Euro plummets toward parity with U.S. dollar
The euro is dropping fast against the dollar, an indication that markets see growing risks that Russia could curtail natural gas flows to the continent, hammering economic growth.
Driving the news: European benchmark natural gas prices spiked in the last week, on increased chatter that Russia would restrict gas flows, in what would be a crippling blow to Europe's economy.
The big picture: Currency movements are driven, to a large extent, by what central banks are expected to do with interest rates. Hikes tend to strengthen a currency, while cuts weaken it.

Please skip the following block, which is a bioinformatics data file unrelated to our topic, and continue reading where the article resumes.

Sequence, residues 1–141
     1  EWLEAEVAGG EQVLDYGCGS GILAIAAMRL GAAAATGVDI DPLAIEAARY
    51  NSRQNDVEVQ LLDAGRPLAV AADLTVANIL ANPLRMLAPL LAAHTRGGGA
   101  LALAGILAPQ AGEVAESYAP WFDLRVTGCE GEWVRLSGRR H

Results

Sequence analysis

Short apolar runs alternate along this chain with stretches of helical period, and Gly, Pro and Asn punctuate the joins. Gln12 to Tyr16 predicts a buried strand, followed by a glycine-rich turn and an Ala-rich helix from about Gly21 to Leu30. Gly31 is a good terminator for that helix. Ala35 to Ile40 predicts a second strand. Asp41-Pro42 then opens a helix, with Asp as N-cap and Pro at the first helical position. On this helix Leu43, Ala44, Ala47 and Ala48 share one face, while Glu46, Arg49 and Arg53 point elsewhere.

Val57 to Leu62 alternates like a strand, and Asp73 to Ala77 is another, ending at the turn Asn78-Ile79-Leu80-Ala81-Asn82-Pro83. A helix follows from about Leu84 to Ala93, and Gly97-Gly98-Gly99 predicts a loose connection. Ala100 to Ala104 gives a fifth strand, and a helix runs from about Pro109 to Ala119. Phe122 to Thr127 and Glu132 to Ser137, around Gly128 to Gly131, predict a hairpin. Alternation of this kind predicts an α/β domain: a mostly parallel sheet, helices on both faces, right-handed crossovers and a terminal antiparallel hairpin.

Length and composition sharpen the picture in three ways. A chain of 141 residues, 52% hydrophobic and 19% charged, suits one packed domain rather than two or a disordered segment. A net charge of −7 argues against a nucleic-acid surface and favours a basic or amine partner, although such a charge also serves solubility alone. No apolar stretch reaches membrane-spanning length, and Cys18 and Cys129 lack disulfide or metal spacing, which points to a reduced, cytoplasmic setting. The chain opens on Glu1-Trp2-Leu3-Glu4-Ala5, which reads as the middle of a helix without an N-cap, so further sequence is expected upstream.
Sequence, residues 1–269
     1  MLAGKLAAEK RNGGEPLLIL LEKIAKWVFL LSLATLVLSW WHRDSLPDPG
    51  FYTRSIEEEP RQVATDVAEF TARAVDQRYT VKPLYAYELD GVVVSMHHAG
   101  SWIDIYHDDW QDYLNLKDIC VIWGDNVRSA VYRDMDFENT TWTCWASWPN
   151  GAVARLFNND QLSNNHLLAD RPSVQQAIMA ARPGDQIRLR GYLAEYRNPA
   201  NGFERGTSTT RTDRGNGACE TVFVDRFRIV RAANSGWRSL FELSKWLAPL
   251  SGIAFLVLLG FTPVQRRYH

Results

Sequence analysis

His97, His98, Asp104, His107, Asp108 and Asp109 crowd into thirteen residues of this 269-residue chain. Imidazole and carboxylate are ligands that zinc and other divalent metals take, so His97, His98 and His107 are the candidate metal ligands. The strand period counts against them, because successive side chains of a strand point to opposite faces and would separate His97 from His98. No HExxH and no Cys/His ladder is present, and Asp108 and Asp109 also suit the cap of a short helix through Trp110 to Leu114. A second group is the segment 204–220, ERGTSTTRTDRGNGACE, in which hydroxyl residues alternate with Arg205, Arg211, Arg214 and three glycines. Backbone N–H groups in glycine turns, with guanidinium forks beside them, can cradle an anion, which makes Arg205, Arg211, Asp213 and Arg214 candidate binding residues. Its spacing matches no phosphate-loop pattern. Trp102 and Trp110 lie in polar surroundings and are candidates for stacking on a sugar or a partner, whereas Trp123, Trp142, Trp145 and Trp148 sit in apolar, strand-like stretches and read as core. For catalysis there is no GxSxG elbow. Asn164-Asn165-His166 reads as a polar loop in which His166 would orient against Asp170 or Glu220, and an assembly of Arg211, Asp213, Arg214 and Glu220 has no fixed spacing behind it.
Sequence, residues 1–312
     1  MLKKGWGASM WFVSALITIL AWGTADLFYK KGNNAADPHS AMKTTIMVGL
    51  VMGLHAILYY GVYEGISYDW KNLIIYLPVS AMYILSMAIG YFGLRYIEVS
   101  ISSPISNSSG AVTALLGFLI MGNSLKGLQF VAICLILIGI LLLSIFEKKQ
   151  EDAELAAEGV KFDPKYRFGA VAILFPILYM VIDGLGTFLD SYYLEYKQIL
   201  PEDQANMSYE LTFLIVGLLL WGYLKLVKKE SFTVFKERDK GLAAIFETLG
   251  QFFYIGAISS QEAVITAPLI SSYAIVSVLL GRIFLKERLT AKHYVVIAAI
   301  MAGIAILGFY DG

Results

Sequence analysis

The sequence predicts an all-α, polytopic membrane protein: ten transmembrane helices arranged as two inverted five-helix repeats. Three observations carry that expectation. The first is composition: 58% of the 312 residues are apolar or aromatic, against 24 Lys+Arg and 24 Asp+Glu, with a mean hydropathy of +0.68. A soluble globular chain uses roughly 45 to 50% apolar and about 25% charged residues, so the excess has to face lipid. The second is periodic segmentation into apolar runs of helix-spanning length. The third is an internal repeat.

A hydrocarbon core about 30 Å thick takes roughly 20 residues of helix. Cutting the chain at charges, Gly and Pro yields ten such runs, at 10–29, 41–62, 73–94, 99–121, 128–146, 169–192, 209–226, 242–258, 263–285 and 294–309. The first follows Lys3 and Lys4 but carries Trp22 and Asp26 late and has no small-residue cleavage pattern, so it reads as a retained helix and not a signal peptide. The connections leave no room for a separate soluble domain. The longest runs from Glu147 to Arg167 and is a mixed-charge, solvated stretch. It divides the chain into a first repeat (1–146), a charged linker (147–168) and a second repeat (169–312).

The bottom line: The euro's drop against the greenback suggests investors think the Fed will follow through on its plans for aggressive rate hikes this year, because the U.S. economy will remain strong, and inflation high.
- And despite statements from European Central Bank officials that the hiking cycle will start in July, the markets don't think Europe's economy will be strong enough for rates to rise much — perhaps because Russia will cut off energy supplies.
The silver lining: If Americans can afford the airfare (that's a big if), Europe might be a relatively affordable vacation spot this year.